Stone Brewing Co. is going on a public-relations offensive to counter complaints by some local restaurant and brewery owners about the economic development deal drawing the business to Richmond.
Stone plans to launch a Richmond-specific website to offer the company’s take on the $32 million, city-funded project, alongside testimonials from restaurant owners and brewers in San Diego, California, where Stone is based, according to Craig Spitz, the company’s chief financial officer.
“A lot of people will make negative comments when they don’t really know the situation,” Spitz says. “So we want to basically put a website together that people can go to and see what’s going on and the real situation.”
Stone offered a preview of its strategy last week, playing a four-minute video at a Richmond City Council hearing which featured testimonials from San Diego restaurant owners.
“If Stone wasn’t in the community and I found out they were moving into the part of San Diego I’m in, I’d be absolutely thrilled,” says one interviewee, Grant Tondro, who owns three restaurants in the area. “What’s happened with the beer culture in San Diego in particular, as well as the food culture, as a result of Stone coming in is immeasurable.”
Spitz says Stone is in the process of producing more videos.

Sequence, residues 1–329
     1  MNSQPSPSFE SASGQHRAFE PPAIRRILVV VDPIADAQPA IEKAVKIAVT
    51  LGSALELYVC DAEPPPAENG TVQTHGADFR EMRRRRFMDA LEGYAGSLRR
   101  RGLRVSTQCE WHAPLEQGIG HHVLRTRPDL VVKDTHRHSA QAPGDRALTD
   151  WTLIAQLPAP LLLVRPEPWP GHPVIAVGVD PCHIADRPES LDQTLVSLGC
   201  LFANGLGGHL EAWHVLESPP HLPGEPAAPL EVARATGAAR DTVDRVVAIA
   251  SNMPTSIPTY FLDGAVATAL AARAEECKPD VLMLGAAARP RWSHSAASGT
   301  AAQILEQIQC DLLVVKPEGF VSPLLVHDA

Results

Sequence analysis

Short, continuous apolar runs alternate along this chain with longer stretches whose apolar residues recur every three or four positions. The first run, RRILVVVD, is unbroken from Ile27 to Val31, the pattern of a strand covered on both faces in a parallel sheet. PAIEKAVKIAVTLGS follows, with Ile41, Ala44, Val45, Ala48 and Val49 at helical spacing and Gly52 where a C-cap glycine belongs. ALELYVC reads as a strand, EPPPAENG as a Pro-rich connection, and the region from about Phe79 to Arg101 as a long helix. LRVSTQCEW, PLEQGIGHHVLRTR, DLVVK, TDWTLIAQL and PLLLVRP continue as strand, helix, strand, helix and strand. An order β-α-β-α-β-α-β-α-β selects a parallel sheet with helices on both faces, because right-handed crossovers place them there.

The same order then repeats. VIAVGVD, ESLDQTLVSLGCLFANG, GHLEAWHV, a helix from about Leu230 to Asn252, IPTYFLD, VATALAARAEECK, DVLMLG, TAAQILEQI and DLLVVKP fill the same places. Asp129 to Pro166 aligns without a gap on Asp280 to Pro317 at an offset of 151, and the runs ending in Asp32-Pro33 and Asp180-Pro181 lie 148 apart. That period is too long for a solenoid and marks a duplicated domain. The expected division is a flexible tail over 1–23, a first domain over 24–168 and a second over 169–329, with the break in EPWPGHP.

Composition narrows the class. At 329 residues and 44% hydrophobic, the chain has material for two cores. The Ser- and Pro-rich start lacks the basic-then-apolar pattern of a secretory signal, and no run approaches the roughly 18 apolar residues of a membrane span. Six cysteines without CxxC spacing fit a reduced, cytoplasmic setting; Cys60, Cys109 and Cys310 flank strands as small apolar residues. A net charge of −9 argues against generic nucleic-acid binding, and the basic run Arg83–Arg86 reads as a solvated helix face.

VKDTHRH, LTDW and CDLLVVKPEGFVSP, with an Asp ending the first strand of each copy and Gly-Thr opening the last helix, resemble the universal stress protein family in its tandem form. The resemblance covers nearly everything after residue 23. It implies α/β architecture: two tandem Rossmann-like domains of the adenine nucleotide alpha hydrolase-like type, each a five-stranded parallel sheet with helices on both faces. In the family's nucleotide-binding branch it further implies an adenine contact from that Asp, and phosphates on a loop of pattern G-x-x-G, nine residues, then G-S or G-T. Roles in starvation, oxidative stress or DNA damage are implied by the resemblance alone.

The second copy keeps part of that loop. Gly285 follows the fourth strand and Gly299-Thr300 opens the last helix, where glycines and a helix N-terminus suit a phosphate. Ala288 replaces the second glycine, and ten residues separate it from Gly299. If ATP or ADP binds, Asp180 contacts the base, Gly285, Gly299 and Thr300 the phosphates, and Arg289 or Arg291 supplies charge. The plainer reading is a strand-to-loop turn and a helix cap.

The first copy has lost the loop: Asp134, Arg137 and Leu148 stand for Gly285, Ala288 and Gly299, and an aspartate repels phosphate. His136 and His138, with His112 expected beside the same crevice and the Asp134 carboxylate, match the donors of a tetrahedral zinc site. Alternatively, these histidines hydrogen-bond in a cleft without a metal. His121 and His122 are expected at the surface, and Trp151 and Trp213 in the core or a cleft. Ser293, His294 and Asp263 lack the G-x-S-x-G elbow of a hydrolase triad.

The city is taking out $23 million in bonds to finance the construction of Stone’s Richmond brewery in the Fulton Hill area. It will put up another $8 million for Stone to construct a riverfront restaurant.
The plan is for Stone to pay the money back in lease payments over the next 25 years. At the end of the lease, the company has the option to buy the brewery and land for $25,000.
City economic development officials say the deal will bring hundreds of jobs and spark long-needed revitalization in the Fulton neighborhood.
Some local restaurant owners and brewers aren’t so sure. They’ve said it looks more like the city is subsidizing competition in an already crowded marketplace.
This won’t be Stone’s first foray into public relations. Shortly after the deal was announced last year, the company's marketing staff wrote and circulated a long article detailing the project and how the company wound up in Richmond.
And two weeks ago, the brewery played host to two City Council members, who made an unpublicized, cross-country trip to tour Stone’s San Diego facility. The members, Ellen Robertson and Cynthia Newbille, who initially declined to discuss the trip with Style, say they went in part to explore concerns raised by local restaurant owners. Newbille paid for her trip. Robertson says she used City Council funds.
“I walked away with a whole new perspective related to the corporation,” Robertson says.
Both women stressed that their research didn’t end with the trip. Newbille says that in going over the numbers upon returning home, “the return on investment is clear.”